The Pentagon's acquisition chief said DOD will also release guidance on securing the microelectronics supply chain.
The Pentagon is pushing ahead on a variety of 5G projects with more proposal requests on the way despite concerns over what role the Defense Department should have in building and controlling 5G networks.
Defense Undersecretary for Acquisition and Sustainment Ellen Lord said Tuesday the DOD will issue two 5G broad agency announcements in early 2021. The first BAA will be for 5G security prototyping and experimentation, and the second will be “for more fundamental research and development into beyond 5G technologies,” Lord said at a MITRE Corporation event launching a new 5G consortium.
Lord’s pre-recorded remarks come after some of the Pentagon’s requests for information on 5G have raised eyebrows among lawmakers, Nextgov reported last month. GOP lawmakers including Sen. John Thune, R-S.D., and Democrats including Reps. Frank Pallone, D-N.J., and Rep. Mike Doyle, D-Pa., objected to language in one solicitation suggesting DOD is considering owning and operating its own 5G network.
On Tuesday, Lord painted the Pentagon as more of a champion of industry 5G efforts than a usurper, particularly as it pertains to setting security standards for the technology. She also enumerated some military technology applications she sees as dependent on 5G, including drones and autonomous vehicles. 5G is a technology that will transform military operations by facilitating movement of data across a complex web of sensors and systems, Lord said.
“This massive amount of data is a key to unlocking further technological gains in the form of artificial intelligence and machine learning,” Lord said. “Low latency communications will enable new generations of unmanned and autonomous weapon systems across all domains, empowering the warfighter with far richer access to data at the tactical edge, so that even small units can achieve strategic effects.”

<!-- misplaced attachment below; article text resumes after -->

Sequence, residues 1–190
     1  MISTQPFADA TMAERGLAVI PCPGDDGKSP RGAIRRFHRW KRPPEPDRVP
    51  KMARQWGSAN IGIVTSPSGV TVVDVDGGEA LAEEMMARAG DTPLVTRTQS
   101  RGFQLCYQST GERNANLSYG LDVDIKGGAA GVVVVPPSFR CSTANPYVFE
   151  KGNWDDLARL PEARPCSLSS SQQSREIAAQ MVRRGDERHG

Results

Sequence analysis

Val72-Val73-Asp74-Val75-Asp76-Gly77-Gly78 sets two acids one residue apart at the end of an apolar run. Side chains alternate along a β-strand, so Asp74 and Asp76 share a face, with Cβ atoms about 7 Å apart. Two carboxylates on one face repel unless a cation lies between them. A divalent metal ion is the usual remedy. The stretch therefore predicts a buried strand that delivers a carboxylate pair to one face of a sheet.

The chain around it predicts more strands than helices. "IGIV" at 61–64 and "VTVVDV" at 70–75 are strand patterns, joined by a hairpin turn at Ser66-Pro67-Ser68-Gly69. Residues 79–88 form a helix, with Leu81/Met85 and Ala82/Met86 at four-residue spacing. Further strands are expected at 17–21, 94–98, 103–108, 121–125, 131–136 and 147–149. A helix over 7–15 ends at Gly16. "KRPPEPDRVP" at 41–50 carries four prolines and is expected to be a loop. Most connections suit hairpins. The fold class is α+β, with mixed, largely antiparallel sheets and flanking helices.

The announcement of more requests for proposals comes a month after DOD announced $600 million in contract awards for the creation of 5G testbeds at five military bases over three years. Lord said Tuesday she expects testbeds at Hill Air Force Base, Utah; Joint Base Lewis-McChord, Washington; Marine Corps Logistics Base Albany, Georgia; Naval Base San Diego, California; and Nellis Air Force Base, Las Vegas, Nevada to come online within the first year, with full-scale experimentation for dual-use applications likely in the second year.
Solicitations for prototyping and experimentation at another seven military bases are underway, Lord said. Three bases have already released requests for information and more are imminent, she added.
In addition, the Pentagon will publish new guidance on supply chain security for microelectronics, which support 5G technology, Lord said. DOD is developing standards together with the commercial industry, she added. Lord did not specify when this guidance will be released.
“I am proposing a step by step process for reconstituting the U.S. micro electronics supply chain for components critical for national security,” Lord said. “The approach will target key verticals, where the supply and demand gap is large, and technologies are important to DOD systems critical infrastructure and important commercial needs.”